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Related to derogative: derogatory


 (dĭ-rŏg′ə-tĭv, dĕr′ə-gā′-)
1. Tending to derogate; detractive.
2. Disparaging; derogatory.

de·rog′a·tive·ly adv.
ThesaurusAntonymsRelated WordsSynonymsLegend:
Adj.1.derogative - expressive of low opinion; "derogatory comments"; "disparaging remarks about the new house"
uncomplimentary - tending to (or intended to) detract or disparage


References in periodicals archive ?
The students characterized such behavior as "stupid" and expressed their disapproval by gasping in a derogative fashion.
Lindstrom analyses not only how the West has used the term to characterise Melanesian practices but also how Melanesians have taken up the concept - in nationalist discourses that sometimes celebrate it and other times use it in derogative ways to demean opponents.
Finally, Naipaul's ambivalence about the virtues and advantages of Western culture is clearly illustrated in his derogative account of contemporary Western art, particularly modernist painting.
Their correct name is "san" which means man but they are often referred to by the derogative term "Bush-men".
which calls "paddy" a word used to describe Irish-men, usually in a derogative sense.
In what turns out to be a rare combination of providing a brief scientific profile and a derogative comparison or word play, the geologists Emanuel Kayser (1845-1927) and Albert Heim (1849-1937) are introduced, at least from the focalizer's point of view, as pathetic representatives of an outdated scientific school.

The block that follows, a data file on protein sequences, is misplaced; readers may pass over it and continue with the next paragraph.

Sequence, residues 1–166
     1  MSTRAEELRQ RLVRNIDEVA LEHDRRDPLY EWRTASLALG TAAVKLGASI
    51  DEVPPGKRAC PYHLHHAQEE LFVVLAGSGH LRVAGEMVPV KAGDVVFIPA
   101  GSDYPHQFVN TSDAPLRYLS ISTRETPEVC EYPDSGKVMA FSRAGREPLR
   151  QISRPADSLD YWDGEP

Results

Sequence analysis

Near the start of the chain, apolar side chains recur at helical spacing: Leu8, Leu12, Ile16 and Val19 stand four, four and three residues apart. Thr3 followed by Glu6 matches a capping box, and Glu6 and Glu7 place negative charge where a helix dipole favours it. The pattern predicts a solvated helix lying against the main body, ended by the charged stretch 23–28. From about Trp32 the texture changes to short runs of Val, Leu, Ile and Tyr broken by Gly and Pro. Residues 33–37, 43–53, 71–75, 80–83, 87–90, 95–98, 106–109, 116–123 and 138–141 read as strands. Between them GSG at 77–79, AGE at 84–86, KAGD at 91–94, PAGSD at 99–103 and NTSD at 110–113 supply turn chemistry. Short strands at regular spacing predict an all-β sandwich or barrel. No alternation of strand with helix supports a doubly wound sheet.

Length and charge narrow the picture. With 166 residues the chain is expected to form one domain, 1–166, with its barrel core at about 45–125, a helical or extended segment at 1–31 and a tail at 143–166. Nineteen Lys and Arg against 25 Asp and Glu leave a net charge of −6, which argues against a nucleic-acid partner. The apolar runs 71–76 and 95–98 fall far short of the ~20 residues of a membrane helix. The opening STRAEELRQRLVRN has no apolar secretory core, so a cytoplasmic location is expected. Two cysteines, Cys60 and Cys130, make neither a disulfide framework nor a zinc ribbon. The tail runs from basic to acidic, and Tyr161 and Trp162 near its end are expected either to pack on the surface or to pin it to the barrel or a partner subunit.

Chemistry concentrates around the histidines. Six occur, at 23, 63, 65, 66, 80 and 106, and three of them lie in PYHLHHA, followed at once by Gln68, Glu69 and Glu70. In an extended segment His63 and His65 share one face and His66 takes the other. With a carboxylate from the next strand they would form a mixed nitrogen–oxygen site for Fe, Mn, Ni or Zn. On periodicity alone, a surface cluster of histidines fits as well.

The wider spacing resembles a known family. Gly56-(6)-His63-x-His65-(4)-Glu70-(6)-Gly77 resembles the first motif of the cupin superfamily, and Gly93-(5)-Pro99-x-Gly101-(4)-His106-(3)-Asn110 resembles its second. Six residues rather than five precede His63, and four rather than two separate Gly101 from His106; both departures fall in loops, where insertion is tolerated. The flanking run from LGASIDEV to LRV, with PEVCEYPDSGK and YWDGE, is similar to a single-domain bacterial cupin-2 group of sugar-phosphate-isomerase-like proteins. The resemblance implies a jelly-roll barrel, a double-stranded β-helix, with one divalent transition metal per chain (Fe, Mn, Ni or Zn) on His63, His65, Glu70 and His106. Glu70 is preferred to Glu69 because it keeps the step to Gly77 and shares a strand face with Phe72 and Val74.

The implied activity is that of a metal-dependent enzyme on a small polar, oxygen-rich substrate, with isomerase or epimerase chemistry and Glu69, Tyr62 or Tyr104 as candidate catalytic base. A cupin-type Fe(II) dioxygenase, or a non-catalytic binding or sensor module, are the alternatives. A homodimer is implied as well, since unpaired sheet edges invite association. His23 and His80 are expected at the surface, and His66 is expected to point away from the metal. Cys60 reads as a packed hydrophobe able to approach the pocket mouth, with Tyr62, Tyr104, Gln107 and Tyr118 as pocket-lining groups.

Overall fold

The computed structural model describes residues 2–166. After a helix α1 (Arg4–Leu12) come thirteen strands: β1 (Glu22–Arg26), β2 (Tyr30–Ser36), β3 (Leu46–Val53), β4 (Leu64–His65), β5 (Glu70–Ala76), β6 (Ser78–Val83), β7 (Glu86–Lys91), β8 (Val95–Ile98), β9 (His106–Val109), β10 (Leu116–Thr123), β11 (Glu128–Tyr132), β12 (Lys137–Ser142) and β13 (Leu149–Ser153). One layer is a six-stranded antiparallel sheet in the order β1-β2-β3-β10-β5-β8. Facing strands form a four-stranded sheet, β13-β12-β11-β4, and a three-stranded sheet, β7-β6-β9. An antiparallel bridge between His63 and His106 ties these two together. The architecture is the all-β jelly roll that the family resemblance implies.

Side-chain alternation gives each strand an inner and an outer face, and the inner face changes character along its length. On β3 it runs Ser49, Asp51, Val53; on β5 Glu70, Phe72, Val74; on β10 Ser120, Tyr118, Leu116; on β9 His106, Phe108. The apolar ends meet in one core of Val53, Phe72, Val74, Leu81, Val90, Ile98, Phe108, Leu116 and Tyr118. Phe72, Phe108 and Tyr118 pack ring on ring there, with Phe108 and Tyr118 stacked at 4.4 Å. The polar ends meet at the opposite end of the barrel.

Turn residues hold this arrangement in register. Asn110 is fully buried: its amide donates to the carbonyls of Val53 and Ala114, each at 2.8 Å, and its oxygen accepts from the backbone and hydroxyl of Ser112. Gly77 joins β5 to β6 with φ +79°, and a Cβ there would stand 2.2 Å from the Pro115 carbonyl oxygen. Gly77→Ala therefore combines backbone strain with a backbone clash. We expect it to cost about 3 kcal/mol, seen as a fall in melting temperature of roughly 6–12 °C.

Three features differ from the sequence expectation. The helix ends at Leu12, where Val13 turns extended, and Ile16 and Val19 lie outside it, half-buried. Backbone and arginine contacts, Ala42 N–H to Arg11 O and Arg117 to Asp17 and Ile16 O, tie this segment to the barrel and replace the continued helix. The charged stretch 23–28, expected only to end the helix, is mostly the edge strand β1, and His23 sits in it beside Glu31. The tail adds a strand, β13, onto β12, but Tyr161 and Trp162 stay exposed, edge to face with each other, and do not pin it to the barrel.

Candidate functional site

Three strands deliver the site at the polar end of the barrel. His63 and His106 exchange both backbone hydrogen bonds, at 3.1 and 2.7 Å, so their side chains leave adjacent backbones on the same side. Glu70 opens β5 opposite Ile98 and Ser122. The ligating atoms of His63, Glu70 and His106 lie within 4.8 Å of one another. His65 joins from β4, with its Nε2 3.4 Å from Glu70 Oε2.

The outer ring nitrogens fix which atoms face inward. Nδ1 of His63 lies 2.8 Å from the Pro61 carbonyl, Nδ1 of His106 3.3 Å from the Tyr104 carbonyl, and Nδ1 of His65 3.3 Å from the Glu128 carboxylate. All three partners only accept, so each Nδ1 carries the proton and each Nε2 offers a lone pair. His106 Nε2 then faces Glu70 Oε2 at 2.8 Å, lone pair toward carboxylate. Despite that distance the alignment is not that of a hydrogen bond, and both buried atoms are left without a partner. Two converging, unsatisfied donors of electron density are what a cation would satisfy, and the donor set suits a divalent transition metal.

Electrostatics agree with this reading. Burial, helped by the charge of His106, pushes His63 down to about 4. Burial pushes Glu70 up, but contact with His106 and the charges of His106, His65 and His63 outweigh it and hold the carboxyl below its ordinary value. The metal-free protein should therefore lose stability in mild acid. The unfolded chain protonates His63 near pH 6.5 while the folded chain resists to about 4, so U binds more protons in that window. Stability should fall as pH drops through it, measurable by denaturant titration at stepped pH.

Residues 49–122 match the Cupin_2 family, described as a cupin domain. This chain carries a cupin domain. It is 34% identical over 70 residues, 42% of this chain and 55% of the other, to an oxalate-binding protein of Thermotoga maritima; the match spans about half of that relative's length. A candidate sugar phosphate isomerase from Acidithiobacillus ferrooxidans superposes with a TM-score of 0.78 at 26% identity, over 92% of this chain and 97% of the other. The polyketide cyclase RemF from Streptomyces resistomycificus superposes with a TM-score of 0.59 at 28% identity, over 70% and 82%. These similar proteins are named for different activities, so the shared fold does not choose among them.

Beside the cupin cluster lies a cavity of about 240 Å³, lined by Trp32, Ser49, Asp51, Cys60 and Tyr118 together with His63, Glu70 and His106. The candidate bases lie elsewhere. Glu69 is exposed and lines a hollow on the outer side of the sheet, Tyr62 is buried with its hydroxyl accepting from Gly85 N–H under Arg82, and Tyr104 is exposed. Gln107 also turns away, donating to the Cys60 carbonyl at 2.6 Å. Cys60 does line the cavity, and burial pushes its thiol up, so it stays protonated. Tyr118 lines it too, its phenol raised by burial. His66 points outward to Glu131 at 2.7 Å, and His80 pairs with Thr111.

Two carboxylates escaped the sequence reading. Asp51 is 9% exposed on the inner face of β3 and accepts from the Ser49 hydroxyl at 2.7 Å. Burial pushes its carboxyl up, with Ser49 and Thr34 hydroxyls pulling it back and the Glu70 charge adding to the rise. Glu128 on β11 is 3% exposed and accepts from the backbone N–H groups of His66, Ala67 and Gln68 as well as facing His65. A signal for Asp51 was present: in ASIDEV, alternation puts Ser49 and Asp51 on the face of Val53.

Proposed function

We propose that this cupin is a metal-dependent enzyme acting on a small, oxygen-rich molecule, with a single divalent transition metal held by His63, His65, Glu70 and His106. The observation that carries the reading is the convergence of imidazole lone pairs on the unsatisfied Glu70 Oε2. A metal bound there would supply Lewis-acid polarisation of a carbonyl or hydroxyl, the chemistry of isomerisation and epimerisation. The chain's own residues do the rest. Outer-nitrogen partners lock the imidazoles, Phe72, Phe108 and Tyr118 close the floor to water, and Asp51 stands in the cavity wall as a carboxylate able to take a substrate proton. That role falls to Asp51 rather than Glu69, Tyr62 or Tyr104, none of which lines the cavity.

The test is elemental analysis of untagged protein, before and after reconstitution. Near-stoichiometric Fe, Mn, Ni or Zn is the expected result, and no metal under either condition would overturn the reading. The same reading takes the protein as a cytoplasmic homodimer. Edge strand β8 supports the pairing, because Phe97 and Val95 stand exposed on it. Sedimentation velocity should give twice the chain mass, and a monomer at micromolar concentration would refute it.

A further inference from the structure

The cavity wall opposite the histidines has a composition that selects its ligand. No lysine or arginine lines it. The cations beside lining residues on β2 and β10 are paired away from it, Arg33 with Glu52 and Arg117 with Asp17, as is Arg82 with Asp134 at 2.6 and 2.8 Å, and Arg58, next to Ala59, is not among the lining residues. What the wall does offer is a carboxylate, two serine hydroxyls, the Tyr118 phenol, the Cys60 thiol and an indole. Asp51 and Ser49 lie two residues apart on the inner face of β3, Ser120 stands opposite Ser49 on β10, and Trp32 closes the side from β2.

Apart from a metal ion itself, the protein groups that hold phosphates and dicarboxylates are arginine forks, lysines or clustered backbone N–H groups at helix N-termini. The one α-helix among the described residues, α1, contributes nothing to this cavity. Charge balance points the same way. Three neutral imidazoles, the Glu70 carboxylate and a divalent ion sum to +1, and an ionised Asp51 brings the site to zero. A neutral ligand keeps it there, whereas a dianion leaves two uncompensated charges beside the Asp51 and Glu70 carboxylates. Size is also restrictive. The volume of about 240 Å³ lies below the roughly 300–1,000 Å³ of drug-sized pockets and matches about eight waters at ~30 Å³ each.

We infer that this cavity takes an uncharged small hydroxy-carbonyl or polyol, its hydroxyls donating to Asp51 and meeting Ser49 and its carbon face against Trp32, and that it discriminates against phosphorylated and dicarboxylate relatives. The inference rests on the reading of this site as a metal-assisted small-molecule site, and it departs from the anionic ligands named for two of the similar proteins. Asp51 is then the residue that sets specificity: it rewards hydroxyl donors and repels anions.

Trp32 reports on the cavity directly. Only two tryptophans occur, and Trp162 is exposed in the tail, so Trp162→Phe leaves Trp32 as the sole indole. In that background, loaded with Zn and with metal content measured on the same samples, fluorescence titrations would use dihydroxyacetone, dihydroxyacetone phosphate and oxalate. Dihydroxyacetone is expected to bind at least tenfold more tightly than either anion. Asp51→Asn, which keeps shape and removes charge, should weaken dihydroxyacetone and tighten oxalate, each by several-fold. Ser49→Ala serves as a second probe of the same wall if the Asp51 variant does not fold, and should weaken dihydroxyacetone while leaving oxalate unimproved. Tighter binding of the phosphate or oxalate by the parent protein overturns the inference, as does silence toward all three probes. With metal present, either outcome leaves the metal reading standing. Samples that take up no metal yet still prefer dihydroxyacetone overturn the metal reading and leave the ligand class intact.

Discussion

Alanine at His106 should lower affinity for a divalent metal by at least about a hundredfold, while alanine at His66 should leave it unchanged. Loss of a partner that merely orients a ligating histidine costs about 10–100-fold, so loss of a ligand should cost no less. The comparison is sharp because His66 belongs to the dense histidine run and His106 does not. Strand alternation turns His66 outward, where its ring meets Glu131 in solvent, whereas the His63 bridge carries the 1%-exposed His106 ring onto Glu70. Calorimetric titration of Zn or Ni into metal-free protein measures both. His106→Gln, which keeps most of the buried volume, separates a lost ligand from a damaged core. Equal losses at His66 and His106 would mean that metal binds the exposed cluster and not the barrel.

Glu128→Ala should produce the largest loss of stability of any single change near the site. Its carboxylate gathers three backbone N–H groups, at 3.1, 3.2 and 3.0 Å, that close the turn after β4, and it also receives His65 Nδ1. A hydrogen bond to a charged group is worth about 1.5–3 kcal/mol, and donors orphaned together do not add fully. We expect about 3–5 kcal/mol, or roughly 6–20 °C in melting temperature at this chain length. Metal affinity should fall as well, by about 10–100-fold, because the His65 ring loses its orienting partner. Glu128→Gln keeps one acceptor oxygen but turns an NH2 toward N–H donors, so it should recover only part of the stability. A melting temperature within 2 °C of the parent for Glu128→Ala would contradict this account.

That, quite frankly, derogative nickname has been made up by jealous outsiders who neither know or appreciate our beloved man-made mountain.
In addition to this, he is with the habit of throwing derogative statements against his political opponents with dire consequences," the letter stated.
Unfortunately, a majority of the Indians have nothing but disregard for what they consider is a derogative step that has all the making of an economic disaster.
Ironically and humorously, the poem describes the real nature of the "proposal" made by the "white male intellectual" to the "green-eyed mulata" whom he calls "nega", a short name for "negra" (black) --a word that can be very derogative for black women in Brazil, but that can also be used as a term of endearment.
Take topos or cliche as example, Chinese people used to call US-Americans as ("Yankees" in the derogative sense) and Japanese as ("Japs" or "Japanese devils") for some historical reasons, which obviously are the result of the Chinese collective imagination.
For example, derogative names such as Jenge, Nyagat, Door, Dhong, Bheer, Nyamnyam, among others, should be banned.